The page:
108.0

  Oil

5.7

6.5

5.4

5.3

5.5

5.9

  Natural Gas

9.7

11.6

15.6

18.3

23.1

27.4

  Coal

27.7

29.5

32.1

33.4

34.0

34.3

  Nuclear

19.4

20.6

20.9

20.9

20.5

19.1

  Renewables

14.7

15.6

17.5

19.4

20.4

21.3

EE/FSU

26.4

23.8

25.9

27.0

28.9

30.8

  Oil

2.8

2.4

3.1

3.5

4.2

4.7

  Natural Gas

10.6

10.3

11.1

12.3

14.4

15.9

  Coal

7.4

5.4

5.4

4.5

3.3

2.8

  Nuclear

2.5

2.7

3.2

3.1

3.1

2.8

  Renewables

3.1

3.0

3.2

3.5

4.0

4.5

Developing

38.1

40.9

52.3

63.1

75.0

86.6

  Oil

5.1

5.7

6.9

8.3

10.0

12.0

  Natural Gas

4.8

6.0

8.4

11.0

13.6

16.4

  Coal

16.8

15.8

20.4

24.7

29.2

32.6

  Nuclear

1.4

1.9

2.6

3.4

4.1

5.1

  Renewables

10.1

11.5

14.1

15.8

18.2

20.5

Total World

141.7

148.4

169.8

187.3

207.4

225.4

  Oil

13.6

14.6

15.4

17.0

19.7

22.5

  Natural Gas

25.1

27.9

35.2

41.7

51.0

59.7

  Coal

51.9

50.7

57.8

62.5

66.5

69.7

  Nuclear

23.3

25.3

26.7

27.4

27.7

27.1

  Renewables

27.9

30.0

34.8

38.7

42.5

46.4

Note: EE/FSU = Eastern Europe and the former Soviet Union.
Sources: History: Derived from Energy Information Administration (EIA), International Energy Annual 1999, DOE/EIA-0219(99) (Washington, DC, January 2001). Projections: EIA, World Energy Projection System (2001).

Table 3: World Energy Consumption for Electricity Generation by Region and Fuel, 1995-2020
(Quadrillion Btu)
Source: DOE/EIA

 

Information describing our energy use often can be evasive. Figure 8 shows the main heating fuels the U.S. uses for residential home heating. Electricity use for heating is on the rise; however, electricity is not a direct fuel source like the others in this figure. It is a form of energy. Different sources, such as coal and uranium, are used to generate electricity. Therefore, if electricity use is on the rise, the use of coal and uranium are also on the rise.

Figure 8: Main Heating Fuels.
Source: DOE/EIA

We are all affected by and pay for the life cycle of electricity. As end users of electricity, understanding the process of electricity generation gives a clearer picture of what you are paying for and helps in your decision making as a consumer.

Transportation as an Energy Sector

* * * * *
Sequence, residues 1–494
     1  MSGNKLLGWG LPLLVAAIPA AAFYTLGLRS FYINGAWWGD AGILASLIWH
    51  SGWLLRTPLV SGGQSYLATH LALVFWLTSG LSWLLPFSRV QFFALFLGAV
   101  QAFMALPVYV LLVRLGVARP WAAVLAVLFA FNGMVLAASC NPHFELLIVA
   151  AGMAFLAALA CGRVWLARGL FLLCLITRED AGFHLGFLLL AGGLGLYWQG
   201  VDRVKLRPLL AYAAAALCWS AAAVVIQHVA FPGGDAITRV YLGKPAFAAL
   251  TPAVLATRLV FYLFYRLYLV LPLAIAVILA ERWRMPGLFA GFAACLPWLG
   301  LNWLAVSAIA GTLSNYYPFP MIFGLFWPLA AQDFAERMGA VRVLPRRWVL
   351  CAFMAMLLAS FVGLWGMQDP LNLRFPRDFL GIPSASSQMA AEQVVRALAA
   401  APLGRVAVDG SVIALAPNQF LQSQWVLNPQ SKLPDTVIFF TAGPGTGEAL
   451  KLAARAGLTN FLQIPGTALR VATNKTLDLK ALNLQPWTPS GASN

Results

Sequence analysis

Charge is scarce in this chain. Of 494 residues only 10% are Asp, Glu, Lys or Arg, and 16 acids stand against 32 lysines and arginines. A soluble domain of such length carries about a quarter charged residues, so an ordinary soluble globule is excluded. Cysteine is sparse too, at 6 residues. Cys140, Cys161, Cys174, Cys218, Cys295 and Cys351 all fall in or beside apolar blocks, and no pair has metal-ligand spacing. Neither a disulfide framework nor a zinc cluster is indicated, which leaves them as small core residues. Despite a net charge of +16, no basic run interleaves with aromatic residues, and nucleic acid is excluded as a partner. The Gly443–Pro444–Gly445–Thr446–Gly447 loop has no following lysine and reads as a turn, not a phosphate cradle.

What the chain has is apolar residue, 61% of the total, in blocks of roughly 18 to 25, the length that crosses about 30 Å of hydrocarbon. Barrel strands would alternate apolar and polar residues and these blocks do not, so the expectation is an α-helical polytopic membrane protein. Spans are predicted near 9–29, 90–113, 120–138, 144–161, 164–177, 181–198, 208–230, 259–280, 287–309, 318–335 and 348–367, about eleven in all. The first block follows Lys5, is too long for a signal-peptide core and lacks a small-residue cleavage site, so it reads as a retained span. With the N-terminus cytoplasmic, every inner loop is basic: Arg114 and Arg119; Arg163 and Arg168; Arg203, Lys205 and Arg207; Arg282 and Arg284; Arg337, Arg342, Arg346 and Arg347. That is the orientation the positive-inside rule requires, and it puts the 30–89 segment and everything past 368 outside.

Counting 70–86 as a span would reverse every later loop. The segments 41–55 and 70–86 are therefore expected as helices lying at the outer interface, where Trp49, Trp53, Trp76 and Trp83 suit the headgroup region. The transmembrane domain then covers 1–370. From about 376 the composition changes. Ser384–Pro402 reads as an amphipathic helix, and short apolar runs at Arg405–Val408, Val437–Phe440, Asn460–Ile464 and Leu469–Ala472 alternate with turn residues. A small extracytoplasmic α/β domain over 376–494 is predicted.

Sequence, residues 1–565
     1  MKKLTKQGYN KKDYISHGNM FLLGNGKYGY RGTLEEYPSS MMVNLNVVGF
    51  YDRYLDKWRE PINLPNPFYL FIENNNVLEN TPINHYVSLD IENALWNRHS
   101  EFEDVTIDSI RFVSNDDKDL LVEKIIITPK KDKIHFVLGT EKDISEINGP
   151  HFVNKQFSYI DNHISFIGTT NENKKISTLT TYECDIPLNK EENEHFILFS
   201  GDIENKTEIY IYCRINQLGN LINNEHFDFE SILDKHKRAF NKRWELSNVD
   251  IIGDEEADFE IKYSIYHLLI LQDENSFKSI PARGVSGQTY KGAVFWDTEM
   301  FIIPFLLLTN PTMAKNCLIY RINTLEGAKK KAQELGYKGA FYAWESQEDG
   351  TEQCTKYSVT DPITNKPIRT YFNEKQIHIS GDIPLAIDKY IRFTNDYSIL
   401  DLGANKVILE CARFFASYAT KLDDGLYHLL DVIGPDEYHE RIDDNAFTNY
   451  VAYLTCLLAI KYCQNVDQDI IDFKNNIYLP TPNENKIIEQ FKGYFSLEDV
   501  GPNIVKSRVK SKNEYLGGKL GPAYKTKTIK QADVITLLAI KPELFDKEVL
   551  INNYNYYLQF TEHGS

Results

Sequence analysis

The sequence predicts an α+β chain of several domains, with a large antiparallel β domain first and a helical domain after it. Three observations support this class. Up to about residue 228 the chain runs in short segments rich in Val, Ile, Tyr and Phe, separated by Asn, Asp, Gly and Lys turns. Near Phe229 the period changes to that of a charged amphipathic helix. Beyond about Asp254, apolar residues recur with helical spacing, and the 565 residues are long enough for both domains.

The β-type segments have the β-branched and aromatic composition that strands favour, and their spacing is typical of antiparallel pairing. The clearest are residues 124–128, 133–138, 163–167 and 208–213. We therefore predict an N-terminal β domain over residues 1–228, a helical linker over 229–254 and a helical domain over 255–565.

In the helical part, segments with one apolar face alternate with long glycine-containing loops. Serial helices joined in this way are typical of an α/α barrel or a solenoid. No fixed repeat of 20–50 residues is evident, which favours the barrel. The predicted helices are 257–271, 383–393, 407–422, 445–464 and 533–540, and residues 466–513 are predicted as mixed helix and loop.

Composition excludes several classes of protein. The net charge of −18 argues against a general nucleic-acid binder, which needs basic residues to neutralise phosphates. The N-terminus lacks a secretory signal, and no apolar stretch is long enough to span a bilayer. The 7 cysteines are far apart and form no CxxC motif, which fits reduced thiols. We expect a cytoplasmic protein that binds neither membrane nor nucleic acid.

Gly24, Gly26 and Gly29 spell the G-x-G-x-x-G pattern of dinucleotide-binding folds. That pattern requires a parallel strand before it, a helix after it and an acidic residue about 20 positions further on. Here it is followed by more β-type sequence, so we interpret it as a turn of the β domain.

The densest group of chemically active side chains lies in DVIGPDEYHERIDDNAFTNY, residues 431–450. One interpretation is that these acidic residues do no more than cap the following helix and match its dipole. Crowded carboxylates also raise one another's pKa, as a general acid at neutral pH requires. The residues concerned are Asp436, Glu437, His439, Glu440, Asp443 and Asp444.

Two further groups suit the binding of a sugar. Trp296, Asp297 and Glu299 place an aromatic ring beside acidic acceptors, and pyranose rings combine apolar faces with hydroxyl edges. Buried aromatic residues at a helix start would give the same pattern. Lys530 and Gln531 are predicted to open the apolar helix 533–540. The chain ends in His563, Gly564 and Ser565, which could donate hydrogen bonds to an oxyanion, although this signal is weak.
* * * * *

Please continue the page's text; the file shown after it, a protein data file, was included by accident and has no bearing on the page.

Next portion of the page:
Liquid fuels such as gasoline have made our lives more mobile. Desire to maintain our current ability to travel and the fact that crude oil is a non-renewable energy source, have encouraged the development of new technologies are being developed. Meanwhile, our current travel habits are fast depleting the crude oil stores on Earth.

Energy use for transportation is the least efficient use of fossil fuels. The automobile loses far more energy than it uses. As shown later (in the Energy Transformation section), for every 20 gallons put into a car we only get about 2 gallons worth of actual work. The rest is dissipated as heat. The other inherent inefficiency is in the fact that to move one person, we have to spend energy moving over a ton of extra material (the automobile itself).

Figure 9: Average Annual Residential Vehicle Fuel Consumption by Region, 1994.
Source: DOE/EIA

Use of crude oil is escalating as developing countries emulate industrialized mobility. Figure 8 graphs the use of crude oil for transportation needs. This increase in oil consumption specifically for transportation not only impacts the environment, it will deplete the limited oil reserves in the earth's core. Increased consumption of oil for transportation could also affect a variety of industries (i.e. plastics) which in turn affects the economy.

Figure 10: Use of Crude Oil for Transportation Needs.
Source: DOE/EIA

A review of the science supporting our current energy systems can be found in the section "Science Notes."

 

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  ©Copyright 2003 Carnegie Mellon University
This material is based upon work supported by the National Science Foundation under Grant Number 9653194. Any opinions, findings, and conclusions or recommendations expressed in this material are those of the authors and do not necessarily reflect the views of the National Science Foundation.